Welfare reforms and child well-being in the US and UK
AbstractThis paper examines the effects of recent welfare reforms in the US and UK on the well-being of children in low-income families, looking specifically at the effects on poverty, family expenditures, and child health and development. The paper finds some commonalities but also some notable differences. Common to both countries is a sizable reduction in child poverty, although the reduction in child poverty in the US has been less, and some families appear to have been left behind. Expenditure data also point to divergence across the two countries. In the UK, low-income families affected by the reforms are spending more money on items related to children and are more likely to own a car and a phone, while in the US, families affected by welfare reforms are primarily spending more money on items related to employment but not items for children. Finally, a common finding across countries is a relative dearth of more direct evidence on the well-being of children, and specifically how the reforms have affected child health and development. Identifying such effects remains an important topic for further research.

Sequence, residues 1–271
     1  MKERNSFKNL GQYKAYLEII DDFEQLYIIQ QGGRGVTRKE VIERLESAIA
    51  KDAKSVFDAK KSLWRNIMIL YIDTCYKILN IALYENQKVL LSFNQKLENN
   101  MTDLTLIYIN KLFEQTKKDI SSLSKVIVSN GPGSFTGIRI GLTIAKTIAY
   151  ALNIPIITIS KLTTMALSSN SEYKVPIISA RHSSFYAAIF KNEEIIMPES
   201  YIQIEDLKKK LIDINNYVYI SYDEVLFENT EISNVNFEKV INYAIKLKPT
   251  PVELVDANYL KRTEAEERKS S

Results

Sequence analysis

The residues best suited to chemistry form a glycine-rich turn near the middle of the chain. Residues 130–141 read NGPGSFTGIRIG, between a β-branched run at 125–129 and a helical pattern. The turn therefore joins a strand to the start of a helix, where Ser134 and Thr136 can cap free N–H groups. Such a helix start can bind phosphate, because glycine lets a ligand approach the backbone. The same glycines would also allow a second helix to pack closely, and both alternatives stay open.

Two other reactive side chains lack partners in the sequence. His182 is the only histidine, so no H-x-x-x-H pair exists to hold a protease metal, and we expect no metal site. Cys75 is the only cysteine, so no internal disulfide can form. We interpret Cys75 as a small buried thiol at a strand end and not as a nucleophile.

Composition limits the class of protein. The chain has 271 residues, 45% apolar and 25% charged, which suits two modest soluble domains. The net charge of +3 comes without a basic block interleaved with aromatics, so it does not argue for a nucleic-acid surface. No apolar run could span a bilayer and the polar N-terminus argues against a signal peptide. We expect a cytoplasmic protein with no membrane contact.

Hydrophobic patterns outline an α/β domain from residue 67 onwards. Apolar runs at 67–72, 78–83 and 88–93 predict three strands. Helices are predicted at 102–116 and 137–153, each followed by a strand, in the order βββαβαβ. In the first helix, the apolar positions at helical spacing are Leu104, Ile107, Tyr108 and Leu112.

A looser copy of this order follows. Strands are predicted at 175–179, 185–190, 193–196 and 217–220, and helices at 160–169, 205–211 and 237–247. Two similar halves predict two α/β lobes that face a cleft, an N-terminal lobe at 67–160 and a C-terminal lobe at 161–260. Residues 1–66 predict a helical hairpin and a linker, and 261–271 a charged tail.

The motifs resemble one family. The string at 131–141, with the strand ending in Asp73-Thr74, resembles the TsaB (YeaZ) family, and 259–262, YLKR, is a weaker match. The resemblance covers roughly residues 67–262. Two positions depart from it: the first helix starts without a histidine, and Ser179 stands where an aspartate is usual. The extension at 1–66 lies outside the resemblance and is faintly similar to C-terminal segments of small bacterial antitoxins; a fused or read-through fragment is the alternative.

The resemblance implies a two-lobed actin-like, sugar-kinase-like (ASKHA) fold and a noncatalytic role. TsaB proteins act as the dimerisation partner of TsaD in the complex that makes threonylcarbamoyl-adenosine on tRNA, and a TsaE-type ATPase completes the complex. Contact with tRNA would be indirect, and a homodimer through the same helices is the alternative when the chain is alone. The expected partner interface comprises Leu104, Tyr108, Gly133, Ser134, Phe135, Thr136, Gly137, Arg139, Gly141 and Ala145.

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Bibliographic InfoPaper provided by IFAU - Institute for Evaluation of Labour Market and Education Policy in its series Working Paper Series with number 2008:11.
Length: 39 pages
Date of creation: 17 May 2008
Date of revision:
Welfare reform; Child well-being;
Find related papers by JEL classification:
- I30 - Health, Education, and Welfare - - Welfare and Poverty - - - General
- J10 - Labor and Demographic Economics - - Demographic Economics - - - General
This paper has been announced in the following NEP Reports:
- NEP-ALL-2008-07-05 (All new papers)
- NEP-EEC-2008-07-05 (European Economics)
- NEP-HAP-2008-07-05 (Economics of Happiness)
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